It’s important that your body has enough fuel, especially with your routine. Insufficient energy for fuel sends stress signals to your body, which tend to raise glucose levels, says Denis doctor. The next question is how intense your training is – if it’s very intense, adrenaline is released and that will raise glucose levels.
An interesting experiment would be to check before and after a mild, moderate and intensive workout to see if it’s the intensity that causes the level to rise, says Dr. Slinkin.
Another experiment would be to play with your breakfast FBS in advance, first making sure you’re eating breakfast and then perhaps changing what you’re eating to include more or less healthy carbohydrates and protein. It’s hard to understand what causes them because there are so many factors to consider – diet, sleep, stress, exercise, along with your individual metabolic state. If you are really struggling, I would recommend that you meet with a diabetes teacher or doctor that you trust to discuss your particular situation.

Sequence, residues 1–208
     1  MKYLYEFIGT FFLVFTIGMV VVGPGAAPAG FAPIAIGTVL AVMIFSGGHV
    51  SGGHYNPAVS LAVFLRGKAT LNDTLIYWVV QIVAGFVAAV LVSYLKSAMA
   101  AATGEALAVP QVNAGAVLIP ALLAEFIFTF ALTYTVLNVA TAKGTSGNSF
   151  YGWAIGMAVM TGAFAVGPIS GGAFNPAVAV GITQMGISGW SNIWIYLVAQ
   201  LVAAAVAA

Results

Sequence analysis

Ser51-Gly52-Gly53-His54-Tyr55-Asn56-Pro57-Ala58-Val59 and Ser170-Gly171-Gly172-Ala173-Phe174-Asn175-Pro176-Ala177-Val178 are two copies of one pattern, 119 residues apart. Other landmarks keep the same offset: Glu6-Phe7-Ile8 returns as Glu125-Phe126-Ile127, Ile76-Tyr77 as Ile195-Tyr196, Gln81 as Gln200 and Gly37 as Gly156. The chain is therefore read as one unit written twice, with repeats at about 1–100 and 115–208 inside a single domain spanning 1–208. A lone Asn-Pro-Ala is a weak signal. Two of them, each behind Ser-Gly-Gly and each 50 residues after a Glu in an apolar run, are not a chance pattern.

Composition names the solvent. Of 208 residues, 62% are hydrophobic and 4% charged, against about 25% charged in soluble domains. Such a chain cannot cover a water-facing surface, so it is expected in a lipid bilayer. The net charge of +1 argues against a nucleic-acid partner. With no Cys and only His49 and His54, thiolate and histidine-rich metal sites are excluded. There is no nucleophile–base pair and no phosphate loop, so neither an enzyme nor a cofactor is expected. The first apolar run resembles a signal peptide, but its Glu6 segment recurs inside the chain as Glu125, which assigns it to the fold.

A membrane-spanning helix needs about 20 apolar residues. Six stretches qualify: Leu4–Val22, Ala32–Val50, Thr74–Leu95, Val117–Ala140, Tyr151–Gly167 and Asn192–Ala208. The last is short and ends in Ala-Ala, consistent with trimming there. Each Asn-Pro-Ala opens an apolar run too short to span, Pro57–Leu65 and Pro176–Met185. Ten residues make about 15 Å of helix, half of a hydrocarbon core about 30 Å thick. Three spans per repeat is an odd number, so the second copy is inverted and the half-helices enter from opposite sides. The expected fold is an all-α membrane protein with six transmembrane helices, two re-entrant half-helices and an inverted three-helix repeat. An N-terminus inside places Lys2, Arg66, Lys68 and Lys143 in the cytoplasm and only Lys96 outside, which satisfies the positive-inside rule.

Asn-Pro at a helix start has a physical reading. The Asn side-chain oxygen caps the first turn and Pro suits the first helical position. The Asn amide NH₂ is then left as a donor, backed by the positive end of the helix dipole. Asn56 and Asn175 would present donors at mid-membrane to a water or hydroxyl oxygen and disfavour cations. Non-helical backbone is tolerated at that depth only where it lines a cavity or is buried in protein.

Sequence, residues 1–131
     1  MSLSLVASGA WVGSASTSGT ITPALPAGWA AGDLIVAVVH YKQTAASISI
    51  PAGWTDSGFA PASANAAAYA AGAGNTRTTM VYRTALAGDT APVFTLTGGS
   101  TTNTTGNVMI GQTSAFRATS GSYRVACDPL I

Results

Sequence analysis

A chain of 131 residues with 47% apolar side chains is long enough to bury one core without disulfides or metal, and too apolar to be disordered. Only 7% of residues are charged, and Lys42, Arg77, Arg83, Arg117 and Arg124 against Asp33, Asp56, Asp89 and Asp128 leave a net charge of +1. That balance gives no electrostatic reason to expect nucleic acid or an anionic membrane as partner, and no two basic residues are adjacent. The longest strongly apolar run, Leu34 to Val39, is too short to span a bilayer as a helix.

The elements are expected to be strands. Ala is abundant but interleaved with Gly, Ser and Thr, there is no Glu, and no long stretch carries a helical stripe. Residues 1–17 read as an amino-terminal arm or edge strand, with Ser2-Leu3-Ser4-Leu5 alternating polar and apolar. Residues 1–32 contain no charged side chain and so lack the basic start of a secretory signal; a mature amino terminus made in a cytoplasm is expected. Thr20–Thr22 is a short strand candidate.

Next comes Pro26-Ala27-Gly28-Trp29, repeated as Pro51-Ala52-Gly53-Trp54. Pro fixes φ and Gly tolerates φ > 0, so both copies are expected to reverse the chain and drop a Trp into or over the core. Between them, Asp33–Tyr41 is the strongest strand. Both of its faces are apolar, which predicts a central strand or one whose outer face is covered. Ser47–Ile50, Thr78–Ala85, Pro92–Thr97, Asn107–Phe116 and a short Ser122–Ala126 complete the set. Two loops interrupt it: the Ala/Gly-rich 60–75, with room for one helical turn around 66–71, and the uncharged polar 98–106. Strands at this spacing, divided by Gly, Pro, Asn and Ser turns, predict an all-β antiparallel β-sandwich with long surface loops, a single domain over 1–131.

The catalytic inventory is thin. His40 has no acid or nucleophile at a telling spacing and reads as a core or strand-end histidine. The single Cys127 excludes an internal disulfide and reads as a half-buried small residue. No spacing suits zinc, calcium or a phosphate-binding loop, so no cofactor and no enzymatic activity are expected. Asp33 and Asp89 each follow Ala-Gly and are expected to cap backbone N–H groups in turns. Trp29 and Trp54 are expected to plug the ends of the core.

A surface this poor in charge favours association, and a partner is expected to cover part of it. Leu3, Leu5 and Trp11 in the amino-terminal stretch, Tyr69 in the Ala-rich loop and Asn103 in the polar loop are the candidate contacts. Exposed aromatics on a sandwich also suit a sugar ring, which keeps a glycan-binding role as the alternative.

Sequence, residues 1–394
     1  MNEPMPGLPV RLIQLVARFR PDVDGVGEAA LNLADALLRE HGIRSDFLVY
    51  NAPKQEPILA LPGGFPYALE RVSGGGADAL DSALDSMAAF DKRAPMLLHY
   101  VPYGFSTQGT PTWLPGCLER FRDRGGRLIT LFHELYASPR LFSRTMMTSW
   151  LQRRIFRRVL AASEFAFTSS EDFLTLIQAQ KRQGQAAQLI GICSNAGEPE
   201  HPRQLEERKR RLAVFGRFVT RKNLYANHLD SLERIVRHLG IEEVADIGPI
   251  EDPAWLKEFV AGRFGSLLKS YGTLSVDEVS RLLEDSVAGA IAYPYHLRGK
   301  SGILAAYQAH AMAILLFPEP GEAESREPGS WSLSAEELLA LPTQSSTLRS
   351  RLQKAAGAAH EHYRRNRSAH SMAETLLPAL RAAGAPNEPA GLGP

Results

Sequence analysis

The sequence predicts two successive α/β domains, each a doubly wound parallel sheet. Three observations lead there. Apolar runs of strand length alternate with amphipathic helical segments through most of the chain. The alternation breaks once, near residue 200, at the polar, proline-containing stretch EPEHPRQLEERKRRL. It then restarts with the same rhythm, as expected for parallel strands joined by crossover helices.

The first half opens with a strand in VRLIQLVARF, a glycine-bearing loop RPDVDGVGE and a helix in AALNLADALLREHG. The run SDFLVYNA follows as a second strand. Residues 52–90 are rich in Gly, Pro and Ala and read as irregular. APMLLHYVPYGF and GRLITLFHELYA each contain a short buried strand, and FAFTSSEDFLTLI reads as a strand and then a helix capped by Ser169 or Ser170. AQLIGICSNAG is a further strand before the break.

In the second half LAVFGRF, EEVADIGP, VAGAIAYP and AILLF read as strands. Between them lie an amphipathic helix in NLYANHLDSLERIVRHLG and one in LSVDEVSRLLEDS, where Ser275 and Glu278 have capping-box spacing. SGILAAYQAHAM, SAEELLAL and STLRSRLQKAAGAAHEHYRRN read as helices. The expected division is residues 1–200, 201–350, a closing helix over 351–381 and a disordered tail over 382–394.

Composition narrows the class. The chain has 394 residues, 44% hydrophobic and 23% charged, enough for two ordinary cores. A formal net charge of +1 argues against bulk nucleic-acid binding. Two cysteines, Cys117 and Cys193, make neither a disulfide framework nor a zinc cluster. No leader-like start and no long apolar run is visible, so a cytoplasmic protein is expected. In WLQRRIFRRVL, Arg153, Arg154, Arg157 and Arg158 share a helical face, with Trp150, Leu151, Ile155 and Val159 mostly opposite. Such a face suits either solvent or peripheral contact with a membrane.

They may suggest changing your medication or time. But in short, maintaining a healthy weight, regular physical activity and a balanced low-carbon diet are some of the best habits in life to take these levels under control and prevent/slacken the progression of diabetes.
What if the number of hungry people is higher than the night before?
Again, I would suggest discussing your specific situation with a trusted professional. That depends on how higher they are than the night before… and how high they were at night. For example, FBS if there were 250 (13.8) in the morning and 170 (9.4) the night before, then you should consider both of these numbers because they are both higher than normal.
On the other hand, if they are within reach of the night before but elevated in the morning, there are various options to study, most of which have already been mentioned above. But then again, it will always depend on many factors – if you wake up with 140s (7,8s), it is much different from waking up with 350s (19s).
The best advice is to focus on making the right lifestyle changes (see above and on our blog!) and seek medical help from the rest of us, says Slinkin.